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A Bull Market for Uncertainty

In Katrina's wake, pressure builds on the Fed to pause its tightening campaign.
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The employment report released Friday has economists split over its relevance and its implications for monetary policy, given an uncertain economic outlook in the wake of Hurricane Katrina.

But while nobody really knows what Katrina's impact on the economy will be for weeks and perhaps months, it's likely that the

Federal Reserve

, faced with that uncertainty, will take a pause at its Sept. 20 meeting. "Why tighten if you are uncertain what the right move is?" writes Goldman Sachs chief economist Bill Dudley.

Other economists, including Merrill Lynch's David Rosenberg, Morgan Stanley's Richard Berner and Naroff Economic Advisors' Joel Naroff, also believe that the odds of a Fed pause have substantially increased.

That also seemed to remain the assessment of the bond market Friday. Briefly dipping after the employment report, bonds later regained some lost ground. The benchmark 10-year Treasury bond was recently up 3/32 while its yield fell to 4.02%. The two-year note was flat while its yield, which most closely tracks the fed funds rate, stood at 3.72%.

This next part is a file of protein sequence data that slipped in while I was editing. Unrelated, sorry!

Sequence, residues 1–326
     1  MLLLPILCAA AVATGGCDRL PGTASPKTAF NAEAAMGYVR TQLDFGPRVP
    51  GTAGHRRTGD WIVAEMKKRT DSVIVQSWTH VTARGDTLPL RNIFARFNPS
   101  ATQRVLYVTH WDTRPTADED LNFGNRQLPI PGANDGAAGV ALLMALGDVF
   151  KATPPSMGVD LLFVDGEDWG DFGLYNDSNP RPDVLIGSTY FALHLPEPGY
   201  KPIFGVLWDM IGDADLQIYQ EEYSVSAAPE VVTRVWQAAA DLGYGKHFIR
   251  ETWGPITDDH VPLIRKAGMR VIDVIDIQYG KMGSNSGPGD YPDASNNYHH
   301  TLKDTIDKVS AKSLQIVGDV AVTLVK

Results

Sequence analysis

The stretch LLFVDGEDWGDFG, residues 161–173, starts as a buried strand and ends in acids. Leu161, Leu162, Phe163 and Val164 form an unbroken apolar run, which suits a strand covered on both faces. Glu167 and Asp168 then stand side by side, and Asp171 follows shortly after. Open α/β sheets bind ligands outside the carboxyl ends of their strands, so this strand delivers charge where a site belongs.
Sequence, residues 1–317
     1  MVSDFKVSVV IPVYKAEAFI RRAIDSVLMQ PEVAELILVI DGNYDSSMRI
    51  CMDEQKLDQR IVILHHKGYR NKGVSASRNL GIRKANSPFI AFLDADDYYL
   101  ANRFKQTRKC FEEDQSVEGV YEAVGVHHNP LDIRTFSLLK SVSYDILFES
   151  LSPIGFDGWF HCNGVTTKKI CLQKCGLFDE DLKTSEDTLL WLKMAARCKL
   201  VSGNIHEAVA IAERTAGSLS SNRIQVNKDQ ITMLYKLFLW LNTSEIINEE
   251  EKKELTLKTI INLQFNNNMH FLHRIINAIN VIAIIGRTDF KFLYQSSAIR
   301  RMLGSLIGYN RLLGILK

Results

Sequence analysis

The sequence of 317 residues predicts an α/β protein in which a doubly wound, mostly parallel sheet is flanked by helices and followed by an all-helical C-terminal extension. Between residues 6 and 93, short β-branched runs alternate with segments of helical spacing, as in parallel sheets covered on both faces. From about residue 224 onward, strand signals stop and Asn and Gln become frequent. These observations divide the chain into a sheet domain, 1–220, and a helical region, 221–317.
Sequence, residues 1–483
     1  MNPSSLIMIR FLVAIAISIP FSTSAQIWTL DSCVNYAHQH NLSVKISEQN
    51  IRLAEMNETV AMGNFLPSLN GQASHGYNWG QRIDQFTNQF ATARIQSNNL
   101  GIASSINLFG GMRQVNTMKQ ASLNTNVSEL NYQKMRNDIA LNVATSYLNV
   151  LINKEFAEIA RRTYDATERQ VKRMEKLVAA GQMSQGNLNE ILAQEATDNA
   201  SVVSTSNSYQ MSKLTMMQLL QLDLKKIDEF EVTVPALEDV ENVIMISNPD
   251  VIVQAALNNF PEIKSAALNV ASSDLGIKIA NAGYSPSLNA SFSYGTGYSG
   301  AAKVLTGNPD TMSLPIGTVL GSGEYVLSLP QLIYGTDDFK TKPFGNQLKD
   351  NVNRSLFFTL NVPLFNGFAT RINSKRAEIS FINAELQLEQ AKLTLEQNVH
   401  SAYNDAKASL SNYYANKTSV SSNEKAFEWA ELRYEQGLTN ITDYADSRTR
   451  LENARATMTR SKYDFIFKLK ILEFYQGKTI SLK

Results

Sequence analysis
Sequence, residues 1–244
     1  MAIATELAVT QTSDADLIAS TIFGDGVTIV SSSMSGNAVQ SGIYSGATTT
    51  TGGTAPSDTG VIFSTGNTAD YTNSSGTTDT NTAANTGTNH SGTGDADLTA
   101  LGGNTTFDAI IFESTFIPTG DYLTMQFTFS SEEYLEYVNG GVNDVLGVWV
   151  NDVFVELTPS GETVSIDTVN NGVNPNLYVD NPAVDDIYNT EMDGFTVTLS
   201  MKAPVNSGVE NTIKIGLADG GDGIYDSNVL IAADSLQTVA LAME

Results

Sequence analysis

Bonds have been rallying all week on expectations that Katrina's impact will force the Fed to soon pause in its year-long tightening campaign. On Thursday, hopes for such an outcome did not subside, even as President Bush, after meeting with Fed Chairman Alan Greenspan, told reporters that Katrina represents "a temporary disruption."

Stocks, meanwhile, meandered between similar expectations and concerns about the economy and profits going forward. Subdued action ahead of a three-day Labor Day weekend also kept a lid on prices. In recent trading, the

Dow Jones Industrial Average

was up 15.21 points, or 0.2%, at 10,474.84. The blue-chip average was lifted by the likes of







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S&P 500

was recently down 0.68 points, or 0.1%, at 1220.91, while the

Nasdaq Composite

dipped 1.61 points, or 0.1%, to 2146.29.

The August employment report, meanwhile, showed that employment and the economy remained on a solid growth path ahead of Katrina.

August payrolls were a softer-than-expected 169,000 -- compared with expectations for a gain of 200,000 -- but upward revisions to the previous two months' numbers added another 44,000 payrolls.

Wage pressures remained contained in August, with average hourly earnings advancing a meager 0.1% in the month. But another upward revision to July's data brought the increase in the three months to August to an annualized rate of 3.3%, almost a three-year high. And the unemployment rate dropped from 5% to 4.9%, close to what many economists consider full employment, at which point wage-inflation pressures normally accelerate.

That was enough to convince Ian Shepherdson, chief U.S. economist with High Frequency Economics, that the Fed will continue raising rates. "Overall, the report shows the pre-Katrina labor market continuing to tighten, which is why the Fed will keep raising rates," he says.